The British army in Africa (the Desert Rats from 7th Army) are an iconic representation of British activities during WW2. Unfortunately, the Africa setting isn’t currently part of my range so I had to find a representative central European force. Late war British formations tend to look largely identical to US formation due to the high degree of equipment sharing and I was less than enthusiastic about painting up more Sherman and Jeeps. British Paratroops, the Red Devils, on the other hand are not only a well-known British symbol for WW2, they also allow me to run different scenarios compared to the more conventional US formations available to me.
For the Airborne I included enough models to field the army as either a Para or Airlanding company. With the exception of the para artillery battery all available options are included (and the missing artillery will be remedied as soon as possible).
Unlike all other FOW armies which are exclusive Battlefront, I mixed in a pack of Old Glory British Paratroopers. Because the paras are a specialty formation, the Battlefront range didn’t have enough variety for my taste and the Old Glory models are approximately comparable in scale and size.
Headquarters: The HQ has all available upgrade options including Col. Pine-Coffin as a Hero, three PIAT teams, 3 Sniper teams and a Pathfinder marker.
Core Platoons: The core of the company is built around three full strength platoons that can be fielded either as a Parachute or Airlanding Platoons. Each platoon has the optional PIAT team and light mortar.
Engineer Platoon: A complete Engineering platoon including PIAT team, light mortar and supply Jeep. I modelled the bases in the act of engineering activities (investigating a mine field, cutting barbed wire, assaulting with flamers) to differentiate them from regular infantry bases as the British airborne models don’t have obvious engineering gear. The flamer models are from Old Glory.
Commando Platoon: The commando platoon is designed for flexibility with all possible option including not only the PIAT and light mortar teams but also extra SMG teams.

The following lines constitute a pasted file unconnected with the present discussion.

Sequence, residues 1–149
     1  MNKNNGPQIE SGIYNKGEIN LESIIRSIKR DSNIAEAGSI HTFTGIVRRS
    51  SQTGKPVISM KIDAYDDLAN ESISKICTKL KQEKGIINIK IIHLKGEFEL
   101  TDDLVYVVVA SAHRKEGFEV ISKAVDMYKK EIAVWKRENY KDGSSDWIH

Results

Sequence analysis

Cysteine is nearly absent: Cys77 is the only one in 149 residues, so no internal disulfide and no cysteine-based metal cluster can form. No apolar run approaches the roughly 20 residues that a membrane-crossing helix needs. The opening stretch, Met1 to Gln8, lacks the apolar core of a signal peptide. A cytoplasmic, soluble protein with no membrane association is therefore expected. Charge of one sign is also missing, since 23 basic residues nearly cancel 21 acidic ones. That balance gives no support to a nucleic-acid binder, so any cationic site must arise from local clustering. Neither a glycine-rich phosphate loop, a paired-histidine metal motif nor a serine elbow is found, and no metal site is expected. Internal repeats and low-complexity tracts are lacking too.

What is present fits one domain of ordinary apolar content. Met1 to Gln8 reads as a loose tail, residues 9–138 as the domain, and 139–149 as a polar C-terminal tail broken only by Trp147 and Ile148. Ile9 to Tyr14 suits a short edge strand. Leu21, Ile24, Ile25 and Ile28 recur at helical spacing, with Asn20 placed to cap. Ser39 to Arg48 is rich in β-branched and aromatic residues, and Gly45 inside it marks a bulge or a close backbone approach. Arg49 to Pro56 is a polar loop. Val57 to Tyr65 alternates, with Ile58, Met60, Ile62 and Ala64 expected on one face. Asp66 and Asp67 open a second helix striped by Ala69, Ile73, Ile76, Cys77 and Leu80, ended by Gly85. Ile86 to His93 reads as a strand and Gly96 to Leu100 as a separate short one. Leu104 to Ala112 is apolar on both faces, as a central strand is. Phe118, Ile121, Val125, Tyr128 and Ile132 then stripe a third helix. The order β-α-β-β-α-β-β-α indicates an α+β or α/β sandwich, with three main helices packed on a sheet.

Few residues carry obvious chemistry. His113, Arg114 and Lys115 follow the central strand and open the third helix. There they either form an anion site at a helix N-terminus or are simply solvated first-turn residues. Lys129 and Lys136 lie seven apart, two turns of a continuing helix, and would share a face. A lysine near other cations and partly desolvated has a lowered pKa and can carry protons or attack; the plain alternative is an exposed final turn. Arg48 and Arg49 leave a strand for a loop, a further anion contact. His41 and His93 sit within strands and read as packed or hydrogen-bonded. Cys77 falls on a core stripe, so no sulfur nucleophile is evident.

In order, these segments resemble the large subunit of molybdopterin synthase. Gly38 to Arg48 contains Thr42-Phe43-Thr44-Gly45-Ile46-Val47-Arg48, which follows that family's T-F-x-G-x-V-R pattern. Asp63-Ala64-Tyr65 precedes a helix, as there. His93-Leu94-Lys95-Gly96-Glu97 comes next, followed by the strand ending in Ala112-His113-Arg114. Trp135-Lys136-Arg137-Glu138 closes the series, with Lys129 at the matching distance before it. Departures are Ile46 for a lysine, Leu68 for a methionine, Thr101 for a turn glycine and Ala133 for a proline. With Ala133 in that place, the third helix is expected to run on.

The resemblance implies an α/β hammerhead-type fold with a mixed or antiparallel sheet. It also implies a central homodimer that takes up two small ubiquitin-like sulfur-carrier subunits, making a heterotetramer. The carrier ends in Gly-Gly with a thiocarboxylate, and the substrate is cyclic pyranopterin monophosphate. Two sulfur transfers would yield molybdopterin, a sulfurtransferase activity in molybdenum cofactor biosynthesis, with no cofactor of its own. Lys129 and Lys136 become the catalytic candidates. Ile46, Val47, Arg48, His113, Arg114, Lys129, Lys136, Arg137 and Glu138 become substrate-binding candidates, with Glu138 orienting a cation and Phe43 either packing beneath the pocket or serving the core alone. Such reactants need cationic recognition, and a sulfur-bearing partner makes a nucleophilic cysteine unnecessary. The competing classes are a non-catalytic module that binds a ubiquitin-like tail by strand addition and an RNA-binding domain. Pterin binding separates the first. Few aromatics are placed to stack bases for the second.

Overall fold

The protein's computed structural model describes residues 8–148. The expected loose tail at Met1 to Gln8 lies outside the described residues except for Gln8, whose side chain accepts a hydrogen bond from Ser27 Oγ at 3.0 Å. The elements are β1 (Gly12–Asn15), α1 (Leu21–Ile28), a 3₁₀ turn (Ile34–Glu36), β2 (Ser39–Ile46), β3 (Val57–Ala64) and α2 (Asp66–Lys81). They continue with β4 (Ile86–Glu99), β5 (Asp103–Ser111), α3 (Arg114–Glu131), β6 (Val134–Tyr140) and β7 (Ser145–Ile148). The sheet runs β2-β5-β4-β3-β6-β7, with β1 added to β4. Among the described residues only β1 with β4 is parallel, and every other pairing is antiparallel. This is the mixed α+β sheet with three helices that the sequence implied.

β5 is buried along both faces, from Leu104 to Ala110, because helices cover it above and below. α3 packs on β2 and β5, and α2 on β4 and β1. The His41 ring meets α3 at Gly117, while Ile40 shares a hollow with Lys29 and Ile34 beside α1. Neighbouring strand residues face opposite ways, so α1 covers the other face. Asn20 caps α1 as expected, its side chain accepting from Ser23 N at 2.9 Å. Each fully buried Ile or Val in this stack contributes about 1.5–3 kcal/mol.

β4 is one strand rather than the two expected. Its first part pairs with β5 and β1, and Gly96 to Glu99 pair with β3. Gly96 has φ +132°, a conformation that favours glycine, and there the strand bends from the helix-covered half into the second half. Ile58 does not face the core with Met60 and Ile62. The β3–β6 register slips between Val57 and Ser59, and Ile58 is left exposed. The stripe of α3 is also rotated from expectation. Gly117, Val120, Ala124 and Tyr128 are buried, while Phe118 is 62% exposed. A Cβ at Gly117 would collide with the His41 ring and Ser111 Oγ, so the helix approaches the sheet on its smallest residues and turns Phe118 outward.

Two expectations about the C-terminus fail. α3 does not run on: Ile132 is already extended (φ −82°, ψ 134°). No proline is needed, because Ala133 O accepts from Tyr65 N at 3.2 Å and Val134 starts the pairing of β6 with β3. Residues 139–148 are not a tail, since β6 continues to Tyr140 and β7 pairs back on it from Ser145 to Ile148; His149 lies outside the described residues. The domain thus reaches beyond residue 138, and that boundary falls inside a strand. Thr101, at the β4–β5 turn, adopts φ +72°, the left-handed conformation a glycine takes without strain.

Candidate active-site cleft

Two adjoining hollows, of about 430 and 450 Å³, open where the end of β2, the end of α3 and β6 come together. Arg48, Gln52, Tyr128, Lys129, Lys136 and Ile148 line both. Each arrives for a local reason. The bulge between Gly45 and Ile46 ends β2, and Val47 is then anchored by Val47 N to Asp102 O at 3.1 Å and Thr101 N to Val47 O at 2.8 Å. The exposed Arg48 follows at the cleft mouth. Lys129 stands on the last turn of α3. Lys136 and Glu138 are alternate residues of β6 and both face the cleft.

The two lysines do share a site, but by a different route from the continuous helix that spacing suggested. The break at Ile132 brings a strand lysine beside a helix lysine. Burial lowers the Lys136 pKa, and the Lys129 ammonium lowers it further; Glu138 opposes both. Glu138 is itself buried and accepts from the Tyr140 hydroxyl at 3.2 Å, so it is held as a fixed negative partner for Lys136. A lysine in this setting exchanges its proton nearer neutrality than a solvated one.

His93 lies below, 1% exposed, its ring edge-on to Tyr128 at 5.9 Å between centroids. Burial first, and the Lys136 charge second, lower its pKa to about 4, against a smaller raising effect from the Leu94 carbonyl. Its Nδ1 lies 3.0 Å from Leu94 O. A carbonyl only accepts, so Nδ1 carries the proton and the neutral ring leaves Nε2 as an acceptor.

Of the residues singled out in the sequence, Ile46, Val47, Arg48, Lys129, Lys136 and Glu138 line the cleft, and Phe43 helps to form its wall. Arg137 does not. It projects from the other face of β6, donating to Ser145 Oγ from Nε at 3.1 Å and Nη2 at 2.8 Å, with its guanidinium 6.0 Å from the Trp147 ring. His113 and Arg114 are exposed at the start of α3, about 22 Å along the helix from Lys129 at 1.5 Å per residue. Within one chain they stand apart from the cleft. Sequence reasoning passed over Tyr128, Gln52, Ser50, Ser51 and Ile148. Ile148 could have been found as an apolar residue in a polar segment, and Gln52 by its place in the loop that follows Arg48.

Weapons Platoon: Depending on the choice of Parachute or Airlanding formation the weapons platoon can either be fielded as a full 3-section mortar platoon with ML 3-inch mortars and/or a full 4 gun MG platoon.
Anti-Tank Units: Four 6pdr AT guns with command and Jeeps provide light to medium AT support. The two 17pdr guns pulled by cut-down 15cwt trucks can knock out even the heaviest German tanks.
Recon Units: Tetrarchs are delightful little tanks so the company has a full unit of 4 Tetrarch’s including various gun options. Further recon support comes from a Recon Platoon including a Universal Carrier, Jeep and recon team. I modelled the recon team with only three soldiers to differentiate it from regular infantry bases. The Carrier and Jeep use the Para crews to tie them in with the rest of the army.
Air Support: Three Horsa Gilder allow me to run the entire company in a glider assault scenario. Some fighter-bomber support will be added at some point to provide air cover.
Other: I am a firm believer in the visual appeal of wargaming. That’s why we go through all the effort of painting, converting and terrain buildings. I therefore dislike the use of counters or dice on the battlefield to identify game dynamics. On the other hand, Flames of War requires a number of game play markers so I made up visually pleasing alternatives. The supply dump and the paratrooper marking the landing zone are objective markets. The tank crew Bailed Out markers are mounted on pennies for stability but otherwise standard. The dead or wounded paratrooper discs serve as Pinned markers.